Facts On Arthritis

Arthritis refers to a group of over 100 different conditions which involves damage to the joints of the body. The disease affects more women than men. Arthritis can also affect other parts of the body causing pain, loss of movement and swelling. One of the most prevalent chronic health problems in the United States, arthritis is also one of the main causes of work disability in the country. It affects people of all ages including children.

In 2006, the number of American people with arthritis or chronic joint symptoms was about 46 million, nearly 20% of the adult population.

Arthritis can be of various types. The most prevalent form of the disease is osteoarthritis, a degenerative joint disease in which the cartilage covering the ends of bones in the joint undergoes decay, which causes pain and loss of movement because bones rub against each other. In rheumatoid arthritis, which is an autoimmune disease, the joint lining becomes inflamed as part of activity of the body's immune system. This disease affects mostly women, and causes serious disability.

Gout, which affects mostly men, is a painful disease that affects small joints, especially the big toe. However, gout can be brought under complete control using appropriate drugs and proper diet. There is also an uncommon form of gout called psedogout caused by the formation of rhomboid crystals of calcium pyrophosphate. Ankylosing spondylitis is a kind of arthritis in which the bones of the spine grow together because of inflammation. Juvenile arthritis is a general term that includes all types of arthritis that occur in children.

Children may develop juvenile rheumatoid arthritis or childhood forms of lupus, ankylosing spondylitis or other types of arthritis. Another type of arthritis is fibromyalgia that affects mostly women. It causes stiffness and pain in the tissues that support and move the bones and joints. Systemic lupus erythematosus or lupus is also a serious disorder that inflame and damages joints and other connective tissues throughout the body. Scleroderma, a condition linked with the connective tissue, causes a thickening and hardening of the skin.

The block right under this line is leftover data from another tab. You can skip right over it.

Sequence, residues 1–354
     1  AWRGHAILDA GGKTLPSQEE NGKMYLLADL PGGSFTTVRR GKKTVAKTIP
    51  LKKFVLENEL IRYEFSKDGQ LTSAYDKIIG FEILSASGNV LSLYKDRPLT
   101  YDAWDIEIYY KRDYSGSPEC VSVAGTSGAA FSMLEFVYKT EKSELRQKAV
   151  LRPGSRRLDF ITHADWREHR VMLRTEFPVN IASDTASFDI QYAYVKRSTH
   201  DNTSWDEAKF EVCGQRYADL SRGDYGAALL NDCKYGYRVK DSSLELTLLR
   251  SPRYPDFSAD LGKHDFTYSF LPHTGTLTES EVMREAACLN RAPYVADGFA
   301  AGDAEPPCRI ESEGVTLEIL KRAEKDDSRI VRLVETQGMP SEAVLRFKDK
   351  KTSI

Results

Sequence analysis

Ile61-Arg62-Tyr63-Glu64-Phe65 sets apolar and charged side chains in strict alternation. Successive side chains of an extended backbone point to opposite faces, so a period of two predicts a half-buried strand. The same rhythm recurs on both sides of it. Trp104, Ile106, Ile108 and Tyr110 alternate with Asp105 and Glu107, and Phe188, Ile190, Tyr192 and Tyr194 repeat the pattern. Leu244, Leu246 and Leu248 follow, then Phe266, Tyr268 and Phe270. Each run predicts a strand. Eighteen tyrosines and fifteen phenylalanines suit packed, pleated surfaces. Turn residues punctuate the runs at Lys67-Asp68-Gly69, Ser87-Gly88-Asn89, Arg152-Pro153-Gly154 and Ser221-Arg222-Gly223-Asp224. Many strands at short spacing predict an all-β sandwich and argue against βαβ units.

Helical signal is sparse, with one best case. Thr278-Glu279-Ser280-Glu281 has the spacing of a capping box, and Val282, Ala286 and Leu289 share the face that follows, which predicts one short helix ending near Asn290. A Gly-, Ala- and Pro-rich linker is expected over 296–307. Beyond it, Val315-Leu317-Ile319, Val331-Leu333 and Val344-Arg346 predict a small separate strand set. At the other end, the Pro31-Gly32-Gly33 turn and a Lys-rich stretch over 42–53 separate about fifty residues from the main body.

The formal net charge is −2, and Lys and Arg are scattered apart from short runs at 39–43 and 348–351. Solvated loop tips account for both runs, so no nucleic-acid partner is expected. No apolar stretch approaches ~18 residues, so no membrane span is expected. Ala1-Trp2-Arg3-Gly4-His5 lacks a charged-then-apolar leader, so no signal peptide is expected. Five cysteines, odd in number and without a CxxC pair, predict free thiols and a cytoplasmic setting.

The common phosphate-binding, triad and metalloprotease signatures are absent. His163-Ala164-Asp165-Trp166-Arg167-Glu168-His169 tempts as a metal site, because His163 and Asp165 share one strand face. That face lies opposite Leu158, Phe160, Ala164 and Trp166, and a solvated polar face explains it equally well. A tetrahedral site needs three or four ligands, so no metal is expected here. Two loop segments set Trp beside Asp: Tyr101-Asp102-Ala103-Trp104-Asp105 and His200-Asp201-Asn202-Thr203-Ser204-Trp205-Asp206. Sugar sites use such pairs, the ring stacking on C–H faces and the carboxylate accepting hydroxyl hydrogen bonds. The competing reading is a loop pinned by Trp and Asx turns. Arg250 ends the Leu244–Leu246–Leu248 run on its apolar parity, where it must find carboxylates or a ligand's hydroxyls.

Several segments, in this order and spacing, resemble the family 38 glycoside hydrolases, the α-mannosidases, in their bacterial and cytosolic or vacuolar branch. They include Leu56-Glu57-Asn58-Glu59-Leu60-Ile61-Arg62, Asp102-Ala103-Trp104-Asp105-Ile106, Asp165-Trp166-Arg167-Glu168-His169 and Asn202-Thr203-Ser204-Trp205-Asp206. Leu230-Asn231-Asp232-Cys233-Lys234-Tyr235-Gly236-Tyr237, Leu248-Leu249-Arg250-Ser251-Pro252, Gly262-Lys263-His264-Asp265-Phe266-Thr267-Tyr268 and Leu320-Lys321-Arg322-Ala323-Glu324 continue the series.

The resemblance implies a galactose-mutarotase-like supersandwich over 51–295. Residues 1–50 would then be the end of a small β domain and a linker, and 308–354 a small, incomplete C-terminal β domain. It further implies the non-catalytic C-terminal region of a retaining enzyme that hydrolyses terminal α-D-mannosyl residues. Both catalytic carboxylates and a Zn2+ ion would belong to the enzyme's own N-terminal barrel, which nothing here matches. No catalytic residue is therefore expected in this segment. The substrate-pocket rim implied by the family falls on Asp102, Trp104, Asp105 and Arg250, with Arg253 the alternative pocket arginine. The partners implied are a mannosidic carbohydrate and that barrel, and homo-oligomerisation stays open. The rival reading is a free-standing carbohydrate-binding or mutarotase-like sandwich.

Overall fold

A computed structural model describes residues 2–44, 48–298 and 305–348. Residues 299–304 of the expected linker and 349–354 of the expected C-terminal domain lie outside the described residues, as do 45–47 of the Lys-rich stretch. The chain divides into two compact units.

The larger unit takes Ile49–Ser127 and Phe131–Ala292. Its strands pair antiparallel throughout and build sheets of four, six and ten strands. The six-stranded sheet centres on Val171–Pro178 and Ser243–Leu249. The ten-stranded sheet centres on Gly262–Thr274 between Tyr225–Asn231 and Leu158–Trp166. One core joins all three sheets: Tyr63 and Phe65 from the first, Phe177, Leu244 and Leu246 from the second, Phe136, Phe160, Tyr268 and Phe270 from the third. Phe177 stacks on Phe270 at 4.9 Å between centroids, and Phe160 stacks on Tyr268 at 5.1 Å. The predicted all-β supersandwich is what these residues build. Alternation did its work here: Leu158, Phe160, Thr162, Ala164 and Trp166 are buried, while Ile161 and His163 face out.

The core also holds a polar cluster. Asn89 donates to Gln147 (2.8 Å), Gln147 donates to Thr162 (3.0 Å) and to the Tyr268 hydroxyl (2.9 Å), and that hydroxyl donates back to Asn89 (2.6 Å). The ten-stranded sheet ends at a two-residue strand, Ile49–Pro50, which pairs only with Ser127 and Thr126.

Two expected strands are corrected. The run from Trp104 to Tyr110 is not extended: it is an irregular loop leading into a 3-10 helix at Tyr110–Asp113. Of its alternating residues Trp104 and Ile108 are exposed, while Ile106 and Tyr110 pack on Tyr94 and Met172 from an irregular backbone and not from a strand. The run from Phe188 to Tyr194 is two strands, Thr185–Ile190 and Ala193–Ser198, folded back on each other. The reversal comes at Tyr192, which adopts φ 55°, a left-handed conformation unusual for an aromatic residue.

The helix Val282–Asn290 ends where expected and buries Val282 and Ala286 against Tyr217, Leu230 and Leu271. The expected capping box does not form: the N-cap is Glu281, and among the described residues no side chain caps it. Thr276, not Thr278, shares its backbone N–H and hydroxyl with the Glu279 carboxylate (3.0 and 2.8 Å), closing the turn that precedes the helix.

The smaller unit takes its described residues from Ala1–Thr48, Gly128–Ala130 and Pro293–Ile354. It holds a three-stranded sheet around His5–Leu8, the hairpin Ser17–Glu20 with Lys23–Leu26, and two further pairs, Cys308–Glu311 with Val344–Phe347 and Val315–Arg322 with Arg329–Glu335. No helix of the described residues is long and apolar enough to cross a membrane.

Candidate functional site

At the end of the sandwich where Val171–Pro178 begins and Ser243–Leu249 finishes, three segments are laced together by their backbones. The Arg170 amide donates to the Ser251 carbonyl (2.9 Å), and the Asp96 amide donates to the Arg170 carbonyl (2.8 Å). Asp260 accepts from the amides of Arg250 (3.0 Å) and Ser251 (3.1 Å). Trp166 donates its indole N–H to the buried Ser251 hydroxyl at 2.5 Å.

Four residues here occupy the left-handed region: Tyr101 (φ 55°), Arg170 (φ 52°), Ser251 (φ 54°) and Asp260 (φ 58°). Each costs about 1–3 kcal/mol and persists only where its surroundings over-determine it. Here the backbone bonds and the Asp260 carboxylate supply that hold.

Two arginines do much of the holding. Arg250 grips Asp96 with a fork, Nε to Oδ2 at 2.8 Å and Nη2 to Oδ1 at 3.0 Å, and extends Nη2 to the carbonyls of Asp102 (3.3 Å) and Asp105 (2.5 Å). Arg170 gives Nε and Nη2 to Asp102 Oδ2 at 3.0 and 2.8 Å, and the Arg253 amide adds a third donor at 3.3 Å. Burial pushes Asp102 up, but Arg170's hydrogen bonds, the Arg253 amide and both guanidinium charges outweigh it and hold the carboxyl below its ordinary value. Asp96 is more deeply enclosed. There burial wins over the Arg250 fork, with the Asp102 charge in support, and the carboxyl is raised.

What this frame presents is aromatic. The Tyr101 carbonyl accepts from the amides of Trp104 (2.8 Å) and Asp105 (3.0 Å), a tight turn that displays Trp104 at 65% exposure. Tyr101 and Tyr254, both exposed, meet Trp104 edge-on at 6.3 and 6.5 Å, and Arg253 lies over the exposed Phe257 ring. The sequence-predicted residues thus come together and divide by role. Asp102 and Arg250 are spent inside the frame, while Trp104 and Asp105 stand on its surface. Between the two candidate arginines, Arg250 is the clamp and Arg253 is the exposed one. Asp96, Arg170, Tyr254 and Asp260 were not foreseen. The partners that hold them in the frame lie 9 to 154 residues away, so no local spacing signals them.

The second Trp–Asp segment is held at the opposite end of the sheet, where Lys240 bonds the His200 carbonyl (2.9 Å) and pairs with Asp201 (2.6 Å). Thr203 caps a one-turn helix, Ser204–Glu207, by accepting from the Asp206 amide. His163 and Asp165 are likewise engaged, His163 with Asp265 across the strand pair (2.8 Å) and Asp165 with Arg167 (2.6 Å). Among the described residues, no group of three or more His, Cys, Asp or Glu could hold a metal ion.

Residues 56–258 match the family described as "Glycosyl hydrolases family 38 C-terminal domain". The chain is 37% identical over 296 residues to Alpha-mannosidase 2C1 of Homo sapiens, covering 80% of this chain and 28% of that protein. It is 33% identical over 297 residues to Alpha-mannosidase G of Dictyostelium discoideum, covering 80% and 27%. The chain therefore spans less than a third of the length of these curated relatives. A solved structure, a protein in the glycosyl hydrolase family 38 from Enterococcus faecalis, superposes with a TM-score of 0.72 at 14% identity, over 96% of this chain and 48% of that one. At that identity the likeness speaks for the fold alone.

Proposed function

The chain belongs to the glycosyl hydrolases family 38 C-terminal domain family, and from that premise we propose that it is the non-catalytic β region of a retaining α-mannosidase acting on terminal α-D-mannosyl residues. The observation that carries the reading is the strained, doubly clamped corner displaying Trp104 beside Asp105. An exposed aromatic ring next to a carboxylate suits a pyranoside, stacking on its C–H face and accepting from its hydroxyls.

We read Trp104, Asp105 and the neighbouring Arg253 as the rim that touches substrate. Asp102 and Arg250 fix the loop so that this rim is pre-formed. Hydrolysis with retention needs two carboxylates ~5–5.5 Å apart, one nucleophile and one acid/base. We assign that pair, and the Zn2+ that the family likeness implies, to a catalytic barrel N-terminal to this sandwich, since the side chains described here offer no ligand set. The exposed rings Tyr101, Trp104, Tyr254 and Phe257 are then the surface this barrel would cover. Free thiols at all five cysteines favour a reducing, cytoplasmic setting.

Arthritis symptoms include pain, swelling and stiffness in joints or the inability to move a joint normally. In rheumatoid arthritis, joints can become red, warm, swollen and painful making a person feel sick. Among other symptoms are unexplained fatigue, fever, loss of weight and swollen lymph glands. Symptoms often last more than two weeks. Arthritis is diagnosed on the basis of the pattern of symptoms, medical and family history, physical examination, X-rays, laboratory tests etc.

There are two types of risk factors: non-modifiable and modifiable. The former cannot be either prevented or changed and the latter can be prevented or changed by an individual. With the help of proper management, it is possible for people with arthritis to live healthy and independent lives. A doctor who is an arthritis specialist can be of great help in evaluating and treating those types of arthritis that need specialized drug therapy.

But patients should also remember that self-management plays a major role in dealing with arthritis pain and disability. They must learn about their disease and take part in their own care. When a patient works with health care professionals, he/she can offer his/her suggestions during decision making and achieve a sense of control.